||Issue No. 324||15 September 2006|
Interview: Australia’s Most Wanted
Industrial: The Fox and the Contractor
Unions: Industrial Wasteland
International: Two Bob's Worth
Economics: National Interest
Environment: The Real Dinosaur
History: Only In Spain?
Review: Clerk Off
Within hours of Greg Combet unveiling the union proposal for enforceable bargaining rights the Prime Minister, his business boosters and his sponsors in the media were distorting the proposition for collective bargaining rights in the most perverted way.
The essence of this attack was the union proposition that a union member has a right to be represented by their union and that, if a majority of their workmates decide they want a collective agreement, the employer must bargain in good faith.
This proposition has three important elements all missing under Howard's IR laws.
First, the right to be represented by a union. Under Howard's laws union representation in bargaining is purely at the discretion of the employer. Workers can be hired on Awa's that exclude union representation - and this can be on a take the job or leave it basis.
Second, the right for a majority of workers, if they choose, to negotiate a collective agreement. Under Howard's laws it's up to the employer. One hundred per cent of the workforce can want a collective deal and if the employer doesn't want to play ball, forget it. Under the ACTU plan, union members have a right to be represented - and a right to ask fellow workers if they would like to join the collective.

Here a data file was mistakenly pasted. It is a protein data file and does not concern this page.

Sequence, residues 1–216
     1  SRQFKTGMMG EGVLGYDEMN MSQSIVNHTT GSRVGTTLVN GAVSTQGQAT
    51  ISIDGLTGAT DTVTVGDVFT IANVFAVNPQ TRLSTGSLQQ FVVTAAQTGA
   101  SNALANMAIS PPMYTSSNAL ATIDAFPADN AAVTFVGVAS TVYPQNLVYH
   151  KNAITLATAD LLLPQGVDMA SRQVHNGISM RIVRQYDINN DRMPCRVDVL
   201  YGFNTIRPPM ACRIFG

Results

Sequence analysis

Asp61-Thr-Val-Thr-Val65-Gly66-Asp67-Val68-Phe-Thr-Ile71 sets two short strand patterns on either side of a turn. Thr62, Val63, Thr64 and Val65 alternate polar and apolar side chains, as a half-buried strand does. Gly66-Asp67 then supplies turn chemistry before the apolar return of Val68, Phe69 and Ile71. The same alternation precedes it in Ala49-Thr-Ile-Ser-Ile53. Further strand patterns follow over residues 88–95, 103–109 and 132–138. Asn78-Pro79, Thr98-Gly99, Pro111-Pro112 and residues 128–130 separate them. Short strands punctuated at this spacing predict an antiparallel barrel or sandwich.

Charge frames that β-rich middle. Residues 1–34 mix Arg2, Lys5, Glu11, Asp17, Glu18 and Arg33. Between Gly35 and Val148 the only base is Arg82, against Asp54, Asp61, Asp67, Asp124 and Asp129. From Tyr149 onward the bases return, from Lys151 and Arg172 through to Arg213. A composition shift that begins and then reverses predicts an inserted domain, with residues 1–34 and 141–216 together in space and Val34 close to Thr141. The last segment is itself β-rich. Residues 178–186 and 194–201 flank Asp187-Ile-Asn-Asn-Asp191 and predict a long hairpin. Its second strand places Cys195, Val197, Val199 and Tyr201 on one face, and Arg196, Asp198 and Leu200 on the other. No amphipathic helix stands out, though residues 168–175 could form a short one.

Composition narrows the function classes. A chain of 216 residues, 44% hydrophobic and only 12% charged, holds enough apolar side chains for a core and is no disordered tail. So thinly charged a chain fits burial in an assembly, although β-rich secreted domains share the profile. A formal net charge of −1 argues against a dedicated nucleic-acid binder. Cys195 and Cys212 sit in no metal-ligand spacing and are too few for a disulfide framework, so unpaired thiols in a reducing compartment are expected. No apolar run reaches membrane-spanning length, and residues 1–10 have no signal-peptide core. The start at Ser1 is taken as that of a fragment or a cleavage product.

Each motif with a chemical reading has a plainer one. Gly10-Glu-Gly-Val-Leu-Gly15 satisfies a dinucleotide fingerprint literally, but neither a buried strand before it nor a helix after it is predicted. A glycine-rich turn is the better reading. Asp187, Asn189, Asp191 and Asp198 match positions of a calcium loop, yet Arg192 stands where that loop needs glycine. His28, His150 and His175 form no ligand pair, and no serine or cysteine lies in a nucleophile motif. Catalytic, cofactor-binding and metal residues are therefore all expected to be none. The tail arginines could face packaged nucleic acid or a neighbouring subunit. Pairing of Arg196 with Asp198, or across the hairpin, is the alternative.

Finally, good faith bargaining. Under Howard's laws an employer can just refuse to negotiate, wait for a current collective agreement to lapse and impose individual contracts that undermine the award.
And you wonder why the business community, and the Liberal Party which seems to hate unions more than it likes holding onto power, are working themselves into a lather.
The shrill response from the PM this week was that the ACTU proposition meant that if a union has a single member it can force a collective agreement on the workforce. What rot.
But the employer lobby and sections of the media that see their job as being to win the IR debate not to cover it, went into a lather. This was the greatest affront to democracy since Kim Beazley vowed to scrap AWAs.
This democracy line deserves a bit of scrutiny - because it goes to the heart of workplace bargaining rights.
The basic principle is that workers have a democratic right to bargain - the majority determines the form off the agreement and, ultimately, whether the agreement is accepted or not.
The PM and the employer lobby rejects this argument - on the basis that under this formula and individual worker would lose their democratic right to bargain individually.
But how can this be democracy? How can the will of one in the face of the majority have anything to do with democracy? Surely this is closer to the principles of anarchy - each to their own with no regard for the others.
Let's face it, For business, whose industrial imperative is to reduce labour costs - surely a disconnected anarchy of a workforce is a far better target than a strong democracy.
Like so much of the IR debate, the government is attempting to lie and confuse and call black white and night day, to convince people it has not done what it has done - to shift the power in the workplace to the employer.
Yes, the ACTU recommendations on bargaining are just a starting point in winning back the workplace. But given the reaction this week, they are step in the right direction.
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